Economically, a lot of hypocrisy has been unveiled. We’ve seen a national relief bill that addresses homelessness and food banks and added protections for workers… which means we had the ability to do this all along (is anyone surprised?) Our politicians jumped so quickly to save our Illustrious and Sacred BankersTM; maybe we should remember that the next time we hear cries for the plebs to practice “austerity”. If we can prop up Wall Street, we can make meaningful investments in the public sector and the middle class which remains the engine of the American economy. And we should certainly remember this when horse-and-sparrow economics is trotted out again. 

Philosophically (and when I ingest enough whiskey) I can imagine that we may become more cognizant of how imperative it is to maintain global awareness, humanistic connections, and that we cannot afford the myopia of jingoism and blind partisan tribalism any longer. 

Pandemics have changed societies before. They will again. What we change into is very much up to us. 

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One of the reasons I dislike sequels/prequels in general is that they tend to tarnish the originals with thoughtless and bombastic changes. Peter Jackson’s The Hobbit is a perfect example. A recent rewatch only confirmed my original opinion of them as not just lesser products than The Lord of the Rings, but as downright insulting to that trilogy.

Let’s skip past the bad CGI, overtly cartoonish physics, and total lack of restraint. Instead, let’s talk about giant rabbits and giant worms.

In the film’s Battle of the Five Armies, the goblins arrive on the battlefield… courtesy of monstrously huge worms. These are creatures so big and powerful that they tunnel through solid rock. But the goblins use them… as living Ubers. They utilize these gargantuan monsters as a means of reaching the battlefield only. One worm could have nabbed Thorin’s treasure. One worm could have ended the entire fight by rolling over the opposition, yet the goblins treat them as a kind of organic subway line. 

See, giant worms weren’t featured in The Hobbit book. By inventing them for the film, it creates an illogical imbalance: why didn’t Saruman use them when attacking Helm’s Deep? How did Sauron not think to apply them at the Pelennor Fields: acquiring a few worms should have ranked as higher priority than requisitioning war elephants. By making this thoughtless change from the source material, Jackson cheapens the world-building. He creates the film equivalent of a game-breaking bug.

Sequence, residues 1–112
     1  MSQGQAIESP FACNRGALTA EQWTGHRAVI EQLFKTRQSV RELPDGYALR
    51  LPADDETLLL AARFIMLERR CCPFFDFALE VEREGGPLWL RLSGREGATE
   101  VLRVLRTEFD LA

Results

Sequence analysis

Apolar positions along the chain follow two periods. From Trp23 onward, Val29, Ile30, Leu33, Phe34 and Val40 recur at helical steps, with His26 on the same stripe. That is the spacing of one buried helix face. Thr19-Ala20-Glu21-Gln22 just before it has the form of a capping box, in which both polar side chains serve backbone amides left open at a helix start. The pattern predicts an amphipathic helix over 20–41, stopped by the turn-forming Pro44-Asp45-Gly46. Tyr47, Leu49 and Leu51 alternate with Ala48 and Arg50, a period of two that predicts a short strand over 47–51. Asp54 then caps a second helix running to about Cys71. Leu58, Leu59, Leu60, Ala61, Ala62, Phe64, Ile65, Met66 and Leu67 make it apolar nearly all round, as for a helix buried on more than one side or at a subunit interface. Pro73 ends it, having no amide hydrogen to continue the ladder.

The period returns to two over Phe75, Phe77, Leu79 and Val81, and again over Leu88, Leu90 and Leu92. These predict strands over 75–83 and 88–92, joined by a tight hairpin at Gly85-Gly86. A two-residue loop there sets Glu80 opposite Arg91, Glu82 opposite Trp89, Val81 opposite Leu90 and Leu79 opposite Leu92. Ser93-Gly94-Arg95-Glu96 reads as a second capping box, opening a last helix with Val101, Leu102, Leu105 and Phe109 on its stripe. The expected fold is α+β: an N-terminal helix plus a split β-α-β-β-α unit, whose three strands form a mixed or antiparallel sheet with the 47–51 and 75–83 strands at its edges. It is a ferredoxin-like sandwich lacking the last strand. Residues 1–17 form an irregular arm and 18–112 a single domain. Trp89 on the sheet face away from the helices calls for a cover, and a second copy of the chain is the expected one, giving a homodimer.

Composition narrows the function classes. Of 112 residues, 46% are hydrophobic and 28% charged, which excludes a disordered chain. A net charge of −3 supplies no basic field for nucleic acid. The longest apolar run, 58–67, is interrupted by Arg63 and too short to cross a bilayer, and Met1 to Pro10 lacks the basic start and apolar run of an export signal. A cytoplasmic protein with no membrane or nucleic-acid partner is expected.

The same goes for Radagast and his improbable sled pulled by giant bunnies.

Let’s skip the diminishment of his character: a powerful druid reduced to a cornball imbecile with bird crap in his hair. The rabbit sled itself is the problem. If giant rabbits exist in Middle Earth, they would be breeding, well, like rabbits. Think about that. It would be the lessons of Australia writ on a planetary scale. Dealing with orcs would be the least concern in a world where super-speedy giant bunnies are devastating every crop and blade of grass. The Scouring of the Shire would happen everywhere.

This isn’t limited to The Hobbit, of course. The Star Wars prequels and sequels, Indiana Jones and the Temple of Doom, the Star Trek film reboots, the Terminator films past T2, and (especially) Prometheus all exhibit this fatal flaw: undoing the very universe that gave rise to them. 

And the thing is, it doesn’t have to be that way. James Cameron’s Aliens meaningfully expanded the original film’s mythos. So did the much-maligned film 2010 (sequel to Kubrick’s 2001). Many MCU films pulled this off. The Toy Story series excelled at it. Halo Reach pulled it off. I can think of numerous books and games that achieved this as well. It can absolutely be done!

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Orson Scott Card’s Intergalactic Medicine Show has made their archives public. My two appearances in that venue are therefore available for free reading: “Shadows and Shore Leave” and “Dayshift”.